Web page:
The courts have increasingly challenged both the civilian government and the powerful military since Chief Justice Iftikhar Chaudhry led street protests that toppled army leader Pervez Musharraf in 2008.
Human rights lawyers and relatives of hundreds of missing prisoners have been fighting for years to get information about the detainees, a few of whom had links to radical mosques. Some disappeared from jail; others were picked up by security forces and never seen again.
Most have not appeared in court charged with a crime, while others were acquitted but seized after they were freed.
Security agencies complain that Pakistan's criminal courts, which have an overall conviction rate of between five and ten per cent, simply release militant suspects. Police investigations are notoriously poor and judges subject to intimidation.
This latest case was brought to the Supreme Court by relatives of 35 prisoners who have not heard from them since they were handed over to the army by the head of Malakand jail in 2012. There were no official orders and it is unclear why the prisoners were handed over to the military.
The court ruled on Friday the army must produce these men to show they were still alive. On Saturday 14 men with scarves across their faces were led from a van with blackened windows into the judges' chambers, which were closed to the press.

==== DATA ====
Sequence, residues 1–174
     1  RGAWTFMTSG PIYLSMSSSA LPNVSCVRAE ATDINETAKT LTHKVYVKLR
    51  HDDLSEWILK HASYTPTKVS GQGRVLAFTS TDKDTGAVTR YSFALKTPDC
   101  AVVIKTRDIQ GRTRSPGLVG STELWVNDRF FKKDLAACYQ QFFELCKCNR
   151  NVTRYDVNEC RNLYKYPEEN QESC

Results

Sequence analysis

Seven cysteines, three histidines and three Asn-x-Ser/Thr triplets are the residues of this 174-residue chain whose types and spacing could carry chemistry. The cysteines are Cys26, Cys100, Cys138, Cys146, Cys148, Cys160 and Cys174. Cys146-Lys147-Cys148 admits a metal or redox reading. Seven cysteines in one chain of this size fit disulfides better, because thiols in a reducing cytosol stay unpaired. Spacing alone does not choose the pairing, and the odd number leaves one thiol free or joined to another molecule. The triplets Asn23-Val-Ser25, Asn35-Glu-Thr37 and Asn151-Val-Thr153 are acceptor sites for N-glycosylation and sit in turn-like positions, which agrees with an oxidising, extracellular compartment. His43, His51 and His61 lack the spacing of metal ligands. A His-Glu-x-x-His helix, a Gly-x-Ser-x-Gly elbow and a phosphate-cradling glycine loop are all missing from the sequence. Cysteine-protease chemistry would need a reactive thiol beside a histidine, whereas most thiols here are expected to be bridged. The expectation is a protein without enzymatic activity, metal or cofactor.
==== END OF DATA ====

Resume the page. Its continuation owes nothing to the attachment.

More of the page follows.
Court documents showed that the men included some of the 35 prisoners. However court officials said some were prisoners and some their relatives who could identify them. They refused to specify how many of the 14 were prisoners.
More prisoners might be produced after the weekend, said Maj. Gen. Arif Nazir, acting secretary of defence. "We have complied with the court's orders as much as we could today, we will try to comply with the remaining orders on Monday," he said.
The prisoners will be returned to detention, but the partial compliance with the court ruling was a rare concession from the military, which has ruled the country for more than half of its history.
The case of the 35 detainees fits a wider pattern where prisoners go missing in custody, said Amina Janjua, the lawyer for hundreds of missing families and the husband of a prisoner missing for eight years.
She said she had received 235 cases of missing people in the past two months alone, mostly from Swat Valley, a mountainous area which is a few hours drive from the capital.
Before the Supreme Court hearing on Saturday, families camped in the capital Islamabad with pictures and posters showing their missing relatives.
Since 2008, the Supreme Court has heard several complaints over the cases of the missing prisoners, but the military has usually refused to produce them.
The only other time prisoners have appeared was last year. Seven men were produced out of a group of 11 that were taken from Adiala jail in 2010. They were so malnourished and badly injured they could barely walk, Janjua said. The other four men had died in custody, she said.
Supreme Court Chief Justice Chaudhry, whose involvement in the missing persons cases has placed the military and its intelligence agency under unprecedented scrutiny, is due to retire on December 12.
It is unclear if his successor will pursue such cases with the same vigour, said Janjua.
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